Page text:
HMRC tightening up on 90-day tax rule for those working overseas
Individuals may have to break all ties with Britain to qualify for non-resident status
One of the benefits of living or working abroad is that it can often mean you pay less tax.
HM Revenue and Customs (HMRC) has recently updated its guidance, however, on how to determine whether someone is non-UK resident and is looking far more closely at people who claim non-UK resident status.
When deciding whether a person is non-UK resident, HMRC is now considering the person’s connection to the UK, looking for signs that they have severed all ties with the country.
Recent HMRC practice strongly indicates that, to become a non-UK resident, it is no longer sufficient simply to spend less than an average of 90 days per tax year in the UK calculated over a period of four years.
To become non-UK resident, a person must now show that they are “breaking away from the UK” indefinitely and not merely as a temporary measure.
For example, to demonstrate an intention to leave the UK and move abroad for a “settled” purpose, a person may have to sell their UK home, car and cancel their memberships of social clubs.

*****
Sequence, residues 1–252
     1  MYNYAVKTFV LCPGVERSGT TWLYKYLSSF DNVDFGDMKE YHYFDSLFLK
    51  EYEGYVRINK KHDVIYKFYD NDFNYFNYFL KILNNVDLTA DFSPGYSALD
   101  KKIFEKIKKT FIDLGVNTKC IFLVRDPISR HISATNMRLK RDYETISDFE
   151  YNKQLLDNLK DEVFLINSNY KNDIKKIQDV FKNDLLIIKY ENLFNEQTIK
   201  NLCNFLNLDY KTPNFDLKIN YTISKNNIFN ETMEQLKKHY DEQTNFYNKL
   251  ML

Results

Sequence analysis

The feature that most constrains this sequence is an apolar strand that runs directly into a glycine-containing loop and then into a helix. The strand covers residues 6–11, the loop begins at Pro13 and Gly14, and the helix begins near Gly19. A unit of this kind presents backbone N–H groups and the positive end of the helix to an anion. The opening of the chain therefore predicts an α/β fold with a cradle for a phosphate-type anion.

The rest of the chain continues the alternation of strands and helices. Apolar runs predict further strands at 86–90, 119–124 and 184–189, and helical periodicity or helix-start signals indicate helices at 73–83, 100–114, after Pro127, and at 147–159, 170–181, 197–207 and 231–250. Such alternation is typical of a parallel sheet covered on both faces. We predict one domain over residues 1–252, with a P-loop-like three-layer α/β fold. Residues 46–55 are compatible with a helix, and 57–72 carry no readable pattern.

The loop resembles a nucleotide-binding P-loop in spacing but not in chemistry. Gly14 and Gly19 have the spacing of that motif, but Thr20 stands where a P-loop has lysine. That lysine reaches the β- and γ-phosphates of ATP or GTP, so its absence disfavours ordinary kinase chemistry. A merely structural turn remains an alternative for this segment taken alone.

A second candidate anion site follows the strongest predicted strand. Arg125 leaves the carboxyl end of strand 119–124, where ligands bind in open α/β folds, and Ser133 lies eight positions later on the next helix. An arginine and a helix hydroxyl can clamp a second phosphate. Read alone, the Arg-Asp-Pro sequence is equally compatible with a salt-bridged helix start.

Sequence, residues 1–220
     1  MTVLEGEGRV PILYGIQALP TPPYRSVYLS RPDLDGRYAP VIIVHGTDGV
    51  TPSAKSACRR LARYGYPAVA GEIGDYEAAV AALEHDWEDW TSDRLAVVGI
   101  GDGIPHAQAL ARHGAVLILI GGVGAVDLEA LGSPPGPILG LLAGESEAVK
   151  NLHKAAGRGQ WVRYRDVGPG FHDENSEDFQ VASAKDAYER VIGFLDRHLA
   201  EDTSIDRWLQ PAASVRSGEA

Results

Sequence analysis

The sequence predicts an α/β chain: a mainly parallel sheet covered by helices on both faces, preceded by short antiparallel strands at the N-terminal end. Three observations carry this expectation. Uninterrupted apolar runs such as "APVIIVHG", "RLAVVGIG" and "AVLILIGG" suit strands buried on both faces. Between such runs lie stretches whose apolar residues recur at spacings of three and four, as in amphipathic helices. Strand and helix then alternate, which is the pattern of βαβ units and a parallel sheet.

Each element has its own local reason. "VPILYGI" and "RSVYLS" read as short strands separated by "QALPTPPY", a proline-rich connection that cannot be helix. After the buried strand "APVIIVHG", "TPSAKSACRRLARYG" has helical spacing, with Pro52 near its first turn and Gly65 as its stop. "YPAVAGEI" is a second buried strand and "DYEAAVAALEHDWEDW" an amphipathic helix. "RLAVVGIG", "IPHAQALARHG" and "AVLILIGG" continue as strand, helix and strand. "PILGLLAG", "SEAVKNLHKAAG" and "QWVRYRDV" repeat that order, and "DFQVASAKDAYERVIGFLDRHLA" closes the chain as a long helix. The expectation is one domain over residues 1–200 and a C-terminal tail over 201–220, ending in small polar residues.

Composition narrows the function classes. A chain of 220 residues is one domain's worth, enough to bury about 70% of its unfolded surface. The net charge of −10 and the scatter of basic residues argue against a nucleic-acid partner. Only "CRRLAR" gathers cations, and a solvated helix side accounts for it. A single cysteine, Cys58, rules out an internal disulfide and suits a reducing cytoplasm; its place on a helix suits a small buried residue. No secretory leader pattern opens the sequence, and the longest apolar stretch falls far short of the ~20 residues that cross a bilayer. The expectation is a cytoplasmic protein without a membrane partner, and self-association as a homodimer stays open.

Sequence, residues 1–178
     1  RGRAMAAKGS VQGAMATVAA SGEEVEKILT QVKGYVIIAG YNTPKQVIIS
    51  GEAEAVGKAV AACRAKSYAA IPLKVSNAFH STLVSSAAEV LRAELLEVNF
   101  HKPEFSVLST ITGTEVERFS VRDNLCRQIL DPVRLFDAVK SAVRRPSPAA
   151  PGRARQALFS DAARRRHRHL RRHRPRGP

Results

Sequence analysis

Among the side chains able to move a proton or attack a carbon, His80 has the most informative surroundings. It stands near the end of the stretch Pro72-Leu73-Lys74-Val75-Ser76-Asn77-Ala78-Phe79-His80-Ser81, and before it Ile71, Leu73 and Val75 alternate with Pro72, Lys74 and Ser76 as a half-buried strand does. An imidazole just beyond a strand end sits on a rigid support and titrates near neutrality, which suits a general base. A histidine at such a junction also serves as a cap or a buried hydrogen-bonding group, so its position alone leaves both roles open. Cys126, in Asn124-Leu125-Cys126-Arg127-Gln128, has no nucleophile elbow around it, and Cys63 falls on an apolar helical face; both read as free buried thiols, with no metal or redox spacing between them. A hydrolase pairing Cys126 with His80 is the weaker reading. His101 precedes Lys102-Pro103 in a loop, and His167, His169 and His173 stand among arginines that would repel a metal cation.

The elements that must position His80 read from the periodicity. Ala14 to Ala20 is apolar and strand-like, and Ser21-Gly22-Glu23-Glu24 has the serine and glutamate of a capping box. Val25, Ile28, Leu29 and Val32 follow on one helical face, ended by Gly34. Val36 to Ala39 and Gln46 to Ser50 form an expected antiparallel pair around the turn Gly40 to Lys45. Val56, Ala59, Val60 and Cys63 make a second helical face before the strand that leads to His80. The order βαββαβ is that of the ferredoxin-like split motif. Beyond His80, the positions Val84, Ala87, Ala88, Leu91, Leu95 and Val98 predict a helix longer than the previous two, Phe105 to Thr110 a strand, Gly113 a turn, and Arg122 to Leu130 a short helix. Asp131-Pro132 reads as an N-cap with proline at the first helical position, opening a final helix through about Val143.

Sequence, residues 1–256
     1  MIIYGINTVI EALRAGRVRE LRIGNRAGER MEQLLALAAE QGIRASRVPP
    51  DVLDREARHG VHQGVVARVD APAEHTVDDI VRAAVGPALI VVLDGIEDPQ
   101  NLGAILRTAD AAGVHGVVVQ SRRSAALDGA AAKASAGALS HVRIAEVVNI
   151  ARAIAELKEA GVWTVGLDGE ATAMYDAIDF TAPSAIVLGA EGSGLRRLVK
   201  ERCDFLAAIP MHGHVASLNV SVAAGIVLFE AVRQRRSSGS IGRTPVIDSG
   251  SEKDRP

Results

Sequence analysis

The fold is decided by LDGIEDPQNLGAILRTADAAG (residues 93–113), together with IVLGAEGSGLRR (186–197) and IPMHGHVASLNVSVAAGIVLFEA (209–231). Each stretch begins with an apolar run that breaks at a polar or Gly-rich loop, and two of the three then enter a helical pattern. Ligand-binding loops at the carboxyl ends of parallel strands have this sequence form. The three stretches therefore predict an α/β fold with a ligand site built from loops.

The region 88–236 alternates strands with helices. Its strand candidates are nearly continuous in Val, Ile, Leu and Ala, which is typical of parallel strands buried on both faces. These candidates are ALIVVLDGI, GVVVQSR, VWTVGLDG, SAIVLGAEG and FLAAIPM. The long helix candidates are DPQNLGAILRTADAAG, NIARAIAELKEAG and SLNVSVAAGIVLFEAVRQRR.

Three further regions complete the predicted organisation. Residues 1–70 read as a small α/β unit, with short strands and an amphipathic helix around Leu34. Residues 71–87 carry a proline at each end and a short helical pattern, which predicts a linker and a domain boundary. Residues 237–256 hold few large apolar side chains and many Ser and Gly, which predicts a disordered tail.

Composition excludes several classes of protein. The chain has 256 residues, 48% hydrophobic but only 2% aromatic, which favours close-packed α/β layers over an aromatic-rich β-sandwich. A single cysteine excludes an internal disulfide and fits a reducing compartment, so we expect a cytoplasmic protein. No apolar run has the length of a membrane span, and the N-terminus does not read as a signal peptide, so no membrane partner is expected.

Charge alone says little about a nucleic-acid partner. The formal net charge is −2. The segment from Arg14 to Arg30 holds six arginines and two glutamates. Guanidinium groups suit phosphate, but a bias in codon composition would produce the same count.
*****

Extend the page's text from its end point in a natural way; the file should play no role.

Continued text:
One crumb of comfort comes from working abroad.
Provided a person physically leaves the UK to work abroad under a contract of employment for at least one UK tax year, and adheres to the 90-days rule, the non-UK residence status should be applicable under the right circumstances.
Otherwise, in the absence of a legal definition of “resident” in the UK, we depend on an ever-expanding body of case law and HMRC guidelines to clarify the circumstances when a person can become non-UK resident.
HMRC’s latest guidelines (HMRC6) state explicitly that residency status will not be determined by the 90-day presence in the UK measure alone.
These new guidelines came into effect on April 6 this year and are likely to affect individuals who may have moved abroad but still have ties with the UK. If HMRC’s view prevails unchallenged it may be virtually impossible for someone to become non-UK resident without taking the rest of their family with them, regardless of the disruption to other people’s careers or children’s education and social needs.
This seems wrong on so many levels it is difficult to know where to begin.
The UK seems to be edging closer to the American system of taxing its passport-holding citizens regardless of where they live in the world.
The European Court of Justice might have something to say about that one day. In the meantime, however, it has become more difficult to let clients know what they need to do to achieve or maintain their non-resident status.
“Get out and never come back” just doesn’t sound like the sort of advice they’re looking for.